The fascinating thing to me about this isn't the 3 progressive's position on gun control, it's that they "argue", with a straight face, that drawing a "distinction between continuous and non-continuous", thus a military M16 that fires bullets as long as you hold the trigger down and a civilian AR15 that fires one bullet per trigger pull is "meaningless". They're both "assault weapons" that are intended for combat.  Put a different grip on it so your thumb can't reach between the grip and the stock, though, and it becomes a perfectly reasonable sport weapon.  That's a real difference!  That's what makes the military so effective, they carry weapons that allow the "web of the trigger hand [to be] placed below the level of the top of the exposed portion of the trigger when in firing position".  Nobody could possibly want to stand in an ergonomically comfortable firing position when target shooting for sport, it must be for purposes of combat.

Monday, December 10, 2012

Boehner should give Obama what he asks for

There are a lot of media outlets who are saying that Obama won the election, so the House should give him what he wants.  These same people had no problem with the Congress not giving Bush what he wanted on Social Security reform or Reagan what he wanted on spending reform, so I think it's a bunch of opportunism.  But that's not how I'm approaching this.

The number one classic blunder, possibly surpassing starting a land war in Asia, and certainly going against a Sicilian when death is on the line, is agreeing to closed door negotiations reported by a hostile media.  The Republican leadership should never have agreed to closed door negotiations and given their involvement should extricate themselves as quickly as possible.  As Jonah Goldberg notes, watching this budget debate is like trying to follow a cricket match based only on selective leaks to a hometown press of one of the teams coming from the players.

From a technical perspective, though, even if the whole thing happens in the open this cannot produce a good outcome from the perspective of Republicans in the House.  I don't mean by that it can't help them politically, that's unlikely too, but not where I'm going.  The perspective of the Republican leadership (which I agree with) is that the fiscal path of the United States can only be saved by massive reduction of the federal government, most especially in entitlement spending.  This is one way I'm certain that the accusations that the Republicans are trying to sabotage the economy and blame the President are false.  The Republicans really believe that tax increases will destroy the economy and that continued spending at 24% of GDP is going to cause a debt melt down.  You can tell they believe that because that's what they do if they're in control.

There are numerous reasons they can't possible get this, but most important in this context is that a failure to reach a deal will be seen as caused by intransigence on the part of the Republicans rather than the President.  If John Boehner agreed to massive tax increases written by Harry Reid in exchange for a 2% reduction in Medicare spending and the bill didn't pass the press would cover it as failing because Republicans were holding the whole thing hostage for a Medicare reduction.  The second major reason is that because of how taxation and budgeting works in Congress a tax increase will happen but a budget reduction is only a promise on the part of Congress that when they actually write the budget it will be what they promise it is now.  I'm not sure they have ever actually followed through.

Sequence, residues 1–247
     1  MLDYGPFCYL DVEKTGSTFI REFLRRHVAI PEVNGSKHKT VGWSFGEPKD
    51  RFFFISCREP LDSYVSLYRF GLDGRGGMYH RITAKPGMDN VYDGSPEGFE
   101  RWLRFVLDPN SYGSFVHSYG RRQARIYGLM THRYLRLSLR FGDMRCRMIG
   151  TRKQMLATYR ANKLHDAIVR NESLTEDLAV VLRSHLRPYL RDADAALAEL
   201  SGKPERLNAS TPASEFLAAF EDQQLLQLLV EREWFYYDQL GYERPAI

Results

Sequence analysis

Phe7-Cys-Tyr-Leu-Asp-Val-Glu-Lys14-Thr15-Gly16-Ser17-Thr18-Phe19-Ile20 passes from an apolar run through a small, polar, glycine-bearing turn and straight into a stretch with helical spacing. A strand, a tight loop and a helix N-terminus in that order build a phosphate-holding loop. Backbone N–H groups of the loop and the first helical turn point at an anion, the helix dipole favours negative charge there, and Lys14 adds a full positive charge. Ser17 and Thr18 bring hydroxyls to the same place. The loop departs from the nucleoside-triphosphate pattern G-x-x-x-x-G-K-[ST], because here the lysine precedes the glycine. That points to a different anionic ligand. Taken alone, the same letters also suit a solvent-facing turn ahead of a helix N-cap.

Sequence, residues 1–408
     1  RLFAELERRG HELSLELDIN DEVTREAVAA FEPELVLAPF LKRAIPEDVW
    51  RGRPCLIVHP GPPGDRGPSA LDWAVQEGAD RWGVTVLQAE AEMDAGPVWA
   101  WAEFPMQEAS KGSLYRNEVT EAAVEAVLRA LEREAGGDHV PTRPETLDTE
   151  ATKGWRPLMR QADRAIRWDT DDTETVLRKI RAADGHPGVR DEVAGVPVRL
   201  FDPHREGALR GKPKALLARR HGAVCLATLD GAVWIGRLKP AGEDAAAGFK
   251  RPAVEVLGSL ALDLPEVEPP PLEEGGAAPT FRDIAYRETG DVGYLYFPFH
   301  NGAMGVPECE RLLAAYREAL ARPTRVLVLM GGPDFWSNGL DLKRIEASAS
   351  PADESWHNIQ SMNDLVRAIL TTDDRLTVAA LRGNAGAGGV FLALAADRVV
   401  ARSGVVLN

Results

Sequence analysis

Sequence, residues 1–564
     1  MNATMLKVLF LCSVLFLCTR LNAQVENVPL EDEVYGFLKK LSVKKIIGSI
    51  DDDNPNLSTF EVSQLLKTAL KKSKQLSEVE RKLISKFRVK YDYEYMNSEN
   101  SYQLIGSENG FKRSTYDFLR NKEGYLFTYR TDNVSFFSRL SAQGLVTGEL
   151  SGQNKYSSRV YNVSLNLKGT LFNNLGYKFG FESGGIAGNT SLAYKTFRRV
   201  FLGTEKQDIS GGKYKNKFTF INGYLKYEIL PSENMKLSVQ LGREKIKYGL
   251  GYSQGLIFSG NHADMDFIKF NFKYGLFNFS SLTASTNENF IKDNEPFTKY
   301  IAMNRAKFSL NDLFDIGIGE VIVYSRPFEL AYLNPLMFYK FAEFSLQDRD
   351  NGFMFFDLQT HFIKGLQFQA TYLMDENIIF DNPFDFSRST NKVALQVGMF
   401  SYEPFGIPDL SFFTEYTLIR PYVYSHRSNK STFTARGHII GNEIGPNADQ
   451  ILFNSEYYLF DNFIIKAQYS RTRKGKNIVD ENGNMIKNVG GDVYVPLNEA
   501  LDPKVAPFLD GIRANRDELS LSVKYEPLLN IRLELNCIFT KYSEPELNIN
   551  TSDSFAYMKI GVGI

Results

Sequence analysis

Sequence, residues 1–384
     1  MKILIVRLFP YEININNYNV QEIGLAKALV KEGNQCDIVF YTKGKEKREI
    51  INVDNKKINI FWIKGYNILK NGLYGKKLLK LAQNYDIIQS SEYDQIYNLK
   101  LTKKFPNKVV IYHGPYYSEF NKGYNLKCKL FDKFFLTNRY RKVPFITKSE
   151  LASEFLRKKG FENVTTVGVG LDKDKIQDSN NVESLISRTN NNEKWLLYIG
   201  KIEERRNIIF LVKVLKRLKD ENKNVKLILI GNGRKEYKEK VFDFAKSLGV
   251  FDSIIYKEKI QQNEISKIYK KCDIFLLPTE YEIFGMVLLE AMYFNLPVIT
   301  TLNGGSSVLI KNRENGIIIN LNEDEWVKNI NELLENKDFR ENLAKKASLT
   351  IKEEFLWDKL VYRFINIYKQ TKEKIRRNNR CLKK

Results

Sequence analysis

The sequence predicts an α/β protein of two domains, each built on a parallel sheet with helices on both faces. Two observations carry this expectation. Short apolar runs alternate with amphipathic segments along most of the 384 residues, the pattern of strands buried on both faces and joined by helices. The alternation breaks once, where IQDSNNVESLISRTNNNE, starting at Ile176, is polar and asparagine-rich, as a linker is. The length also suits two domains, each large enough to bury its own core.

So given these choices I basically see three choices for the Republicans in Congress:

  1. Negotiate strenuously, fail to get what you want, we go over "the fiscal cliff" and Republicans get blamed
  2. Negotiate strenuously, get what appears to be some set of spending reductions that we'll never actually get in exchange for tax increases we will (I'm actually doubtful this is possible.  My personal opinion is that the Democrats are currently sufficiently insulated from the consequences of a failure to reach a deal that they don't even need to agree to spending cuts they don't want that won't actually materialize).  The taxes don't bring what the Democrats say they will and Republicans get blamed for the fiscal shambles because they didn't agree to what was asked for.
  3. Get the Democrats to write a bill, have the Republicans who wanted to make a deal vote present, Tom Price and the solid conservatives can vote against it, but let it pass.  
I think, as do many Republicans, that option 3 is going to cause a near catastrophic collapse of the economy within a couple of years as we either experience massive inflation from the Fed buying all of our bonds or bonds stop selling because nobody believes we can cover the debt, which is why they don't want to do it.  But, under the Republican operating assumptions options 1 and 2 also lead to a near catastrophic collapse of the economy, they just give people an opportunity to say the reason it happened is that we didn't give the Democrats everything they wanted.

I'll note there is a problem with this plan.  I'm being extremely cynical, but I'm not sure I'm cynical enough.  Option 3 presumes the Democrats would actually put down in legislative language what they say they want.  If what they really want is to go over the fiscal cliff and blame Republicans for it they might not be willing to even put down a list of demands on paper for the Republicans to pass.  If that's the case, though, I still think Republicans can do better damage control if they start (preferably last month) vocally asking for proposals so that they can at least claim when the press starts talking about their intransigence that they would have passed anything given to them, but they didn't have anything to pass.  I don't think this would actually work, but some people might listen.